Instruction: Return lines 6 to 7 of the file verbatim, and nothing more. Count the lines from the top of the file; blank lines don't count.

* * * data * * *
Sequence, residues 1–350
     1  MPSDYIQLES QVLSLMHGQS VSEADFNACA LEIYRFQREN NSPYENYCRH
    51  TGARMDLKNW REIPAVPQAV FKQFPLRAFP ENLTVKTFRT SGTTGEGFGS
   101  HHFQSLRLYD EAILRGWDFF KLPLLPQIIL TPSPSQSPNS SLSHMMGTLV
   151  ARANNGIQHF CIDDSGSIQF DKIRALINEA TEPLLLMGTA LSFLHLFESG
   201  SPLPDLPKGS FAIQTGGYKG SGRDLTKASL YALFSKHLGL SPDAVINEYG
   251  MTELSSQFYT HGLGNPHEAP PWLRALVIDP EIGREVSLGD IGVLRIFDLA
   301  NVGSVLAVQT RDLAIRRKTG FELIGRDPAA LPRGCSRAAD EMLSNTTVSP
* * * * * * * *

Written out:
   201  SPLPDLPKGS FAIQTGGYKG SGRDLTKASL YALFSKHLGL SPDAVINEYG
   251  MTELSSQFYT HGLGNPHEAP PWLRALVIDP EIGREVSLGD IGVLRIFDLA